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THINK BIG

Secret Amazon brands are quietly taking over Amazon.com

Reuters/Elijah Nouvelage
The Amazon experience.
Alison Griswold
By Alison Griswold

Reporter

Arabella. Lark & Roe. Mae. NuPro. Small Parts.

You might not know it from their names, but these brands all belong to Amazon.

Amazon’s private label business is booming, on pace to generate $7.5 billion this year and $25 billion by 2022, according to estimates from investment firm SunTrust Robinson Humphrey. To accelerate that growth, the company is inviting manufacturers to create products exclusively for its collection of private brands.

The “Amazon Accelerator Program” is hiring a senior product manager for private brands, CNBC reported. The job listing invites applicants to “invent and Think Big to take an idea from concept to reality for Amazon customers.” Duties include managing and planning inventory, identifying business opportunities, and working across a wide swath of Amazon divisions, including consumables, Prime Pantry, Prime Fresh, Prime Now, and Amazon Go.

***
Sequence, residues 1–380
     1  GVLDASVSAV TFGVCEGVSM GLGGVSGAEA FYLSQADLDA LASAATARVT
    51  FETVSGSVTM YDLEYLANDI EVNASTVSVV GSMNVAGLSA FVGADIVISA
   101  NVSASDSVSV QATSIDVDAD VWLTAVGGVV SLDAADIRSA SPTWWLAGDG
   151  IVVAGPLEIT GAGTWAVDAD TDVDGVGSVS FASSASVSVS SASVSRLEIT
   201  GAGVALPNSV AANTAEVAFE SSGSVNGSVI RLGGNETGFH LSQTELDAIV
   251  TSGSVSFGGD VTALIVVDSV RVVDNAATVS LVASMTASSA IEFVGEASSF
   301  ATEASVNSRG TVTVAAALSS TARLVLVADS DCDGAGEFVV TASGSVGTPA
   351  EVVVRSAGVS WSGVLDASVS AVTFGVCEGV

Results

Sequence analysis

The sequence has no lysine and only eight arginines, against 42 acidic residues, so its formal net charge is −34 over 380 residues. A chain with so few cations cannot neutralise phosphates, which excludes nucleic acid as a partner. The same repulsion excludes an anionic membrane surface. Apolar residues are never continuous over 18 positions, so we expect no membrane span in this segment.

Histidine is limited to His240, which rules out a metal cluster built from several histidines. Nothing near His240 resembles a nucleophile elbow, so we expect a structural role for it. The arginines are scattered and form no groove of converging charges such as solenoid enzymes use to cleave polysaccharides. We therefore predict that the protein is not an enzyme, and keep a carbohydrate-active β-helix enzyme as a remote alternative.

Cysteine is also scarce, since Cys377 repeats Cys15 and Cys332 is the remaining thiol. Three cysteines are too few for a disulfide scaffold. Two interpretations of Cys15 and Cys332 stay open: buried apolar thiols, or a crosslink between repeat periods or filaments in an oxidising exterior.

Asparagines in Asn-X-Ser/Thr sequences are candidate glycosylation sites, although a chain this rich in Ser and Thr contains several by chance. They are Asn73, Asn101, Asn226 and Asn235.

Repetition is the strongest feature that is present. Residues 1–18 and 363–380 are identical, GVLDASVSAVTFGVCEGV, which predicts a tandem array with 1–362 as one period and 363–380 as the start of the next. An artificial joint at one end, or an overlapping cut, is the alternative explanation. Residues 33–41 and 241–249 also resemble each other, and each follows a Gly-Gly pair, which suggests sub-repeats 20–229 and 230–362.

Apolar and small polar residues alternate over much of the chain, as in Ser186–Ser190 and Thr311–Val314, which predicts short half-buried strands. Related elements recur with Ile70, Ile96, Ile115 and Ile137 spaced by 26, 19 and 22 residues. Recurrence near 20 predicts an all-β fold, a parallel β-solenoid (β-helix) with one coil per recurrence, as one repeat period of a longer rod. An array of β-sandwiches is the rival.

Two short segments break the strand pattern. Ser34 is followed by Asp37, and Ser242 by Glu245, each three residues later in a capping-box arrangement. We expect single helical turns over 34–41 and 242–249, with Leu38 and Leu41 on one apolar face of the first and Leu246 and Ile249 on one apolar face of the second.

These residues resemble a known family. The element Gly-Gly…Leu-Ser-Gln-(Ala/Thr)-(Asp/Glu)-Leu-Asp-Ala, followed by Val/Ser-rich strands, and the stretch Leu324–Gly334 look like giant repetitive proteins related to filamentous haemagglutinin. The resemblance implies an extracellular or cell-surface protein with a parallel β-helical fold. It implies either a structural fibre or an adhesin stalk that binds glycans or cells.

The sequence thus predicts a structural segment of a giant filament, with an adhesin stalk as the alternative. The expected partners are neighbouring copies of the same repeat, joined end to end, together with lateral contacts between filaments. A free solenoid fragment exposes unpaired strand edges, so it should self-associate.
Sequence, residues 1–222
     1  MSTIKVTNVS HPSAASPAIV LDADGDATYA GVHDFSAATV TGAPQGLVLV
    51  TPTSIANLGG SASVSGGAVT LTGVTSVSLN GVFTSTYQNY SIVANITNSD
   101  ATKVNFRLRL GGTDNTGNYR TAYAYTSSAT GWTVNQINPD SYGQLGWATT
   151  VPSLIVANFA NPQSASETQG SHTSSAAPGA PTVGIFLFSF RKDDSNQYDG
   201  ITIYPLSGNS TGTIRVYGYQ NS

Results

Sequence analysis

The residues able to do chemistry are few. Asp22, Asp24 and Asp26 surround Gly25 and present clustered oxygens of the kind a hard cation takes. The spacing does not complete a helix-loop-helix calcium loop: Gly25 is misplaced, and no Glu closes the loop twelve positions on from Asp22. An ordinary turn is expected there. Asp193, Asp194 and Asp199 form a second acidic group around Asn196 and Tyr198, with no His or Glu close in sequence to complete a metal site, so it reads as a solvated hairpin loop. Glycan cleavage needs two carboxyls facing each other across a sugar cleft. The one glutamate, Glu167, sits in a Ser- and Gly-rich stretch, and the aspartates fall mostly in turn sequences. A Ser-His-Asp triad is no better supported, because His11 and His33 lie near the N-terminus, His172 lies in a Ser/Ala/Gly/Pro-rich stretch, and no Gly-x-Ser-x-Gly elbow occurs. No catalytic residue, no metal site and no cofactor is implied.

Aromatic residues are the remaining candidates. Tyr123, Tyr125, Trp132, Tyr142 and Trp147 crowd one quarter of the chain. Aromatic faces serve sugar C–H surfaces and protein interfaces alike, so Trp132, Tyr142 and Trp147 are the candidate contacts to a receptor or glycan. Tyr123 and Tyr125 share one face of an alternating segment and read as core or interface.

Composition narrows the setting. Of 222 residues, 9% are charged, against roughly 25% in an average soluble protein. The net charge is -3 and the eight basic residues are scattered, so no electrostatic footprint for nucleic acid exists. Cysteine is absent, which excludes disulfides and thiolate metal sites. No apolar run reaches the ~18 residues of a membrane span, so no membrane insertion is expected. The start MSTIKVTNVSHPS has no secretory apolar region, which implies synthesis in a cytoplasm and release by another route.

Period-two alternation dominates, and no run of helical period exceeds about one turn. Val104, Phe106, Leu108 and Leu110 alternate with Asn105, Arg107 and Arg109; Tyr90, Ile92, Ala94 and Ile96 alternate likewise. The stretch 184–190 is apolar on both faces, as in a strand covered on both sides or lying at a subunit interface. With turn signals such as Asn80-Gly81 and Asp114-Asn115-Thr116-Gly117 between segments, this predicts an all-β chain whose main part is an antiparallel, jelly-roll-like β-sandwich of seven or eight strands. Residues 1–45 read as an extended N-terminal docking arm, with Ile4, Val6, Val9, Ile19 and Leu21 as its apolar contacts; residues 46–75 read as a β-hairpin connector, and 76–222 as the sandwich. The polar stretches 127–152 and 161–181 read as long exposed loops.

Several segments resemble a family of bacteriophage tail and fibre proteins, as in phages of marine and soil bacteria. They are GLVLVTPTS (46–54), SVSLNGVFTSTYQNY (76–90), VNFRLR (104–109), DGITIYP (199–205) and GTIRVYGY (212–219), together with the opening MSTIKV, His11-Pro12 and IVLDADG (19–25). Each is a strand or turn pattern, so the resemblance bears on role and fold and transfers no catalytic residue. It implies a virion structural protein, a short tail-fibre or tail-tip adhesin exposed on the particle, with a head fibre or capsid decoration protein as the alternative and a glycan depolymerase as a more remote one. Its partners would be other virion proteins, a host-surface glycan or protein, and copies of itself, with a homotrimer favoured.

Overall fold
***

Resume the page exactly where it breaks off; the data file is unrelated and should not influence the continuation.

Another job listing spotted by CNBC, for a private brands program leader, notes that the “Private Brands team is rapidly expanding and is looking for an exceptional product leader to grow the business.”

Brands created through the accelerator will be exclusive to Amazon, but not owned by it, the company said. Manufacturers will create, produce, trademark, and own the products they offer.

“Amazon Accelerator creates new opportunities for manufacturers and offers a way for them to launch brands and products directly to Amazon customers,” an Amazon spokesperson said in an emailed statement. “For customers, this program adds products to our assortment and allows us to offer an even wider selection of high quality products at a great value.”

Amazon’s push into private labels could threaten the third-party sellers who do business on its website, and are important to the company’s own bottom line. Amazon generated $9.7 billion in revenue from commissions and services it provided to third-party sellers (e.g., fulfillment and shipping fees) in the latest quarter, ended July 26. Earlier this week, eBay sent Amazon a cease-and-desist accusing it of a shady, multiyear campaign to lure eBay sellers over to the Amazon marketplace.

But the massive volume of stuff peddled by third-party sellers also creates problems. Amazon at times has struggled to police offensive products, or to banish counterfeits from the marketplace. Private label brands created by Amazon and manufacturers it works with exclusively could help the company get a tighter grip on the quality of merchandise sold across the site.

According to a separate report by CNBC, Amazon has been promoting its house brands at the bottom of listings for competitors’ products.

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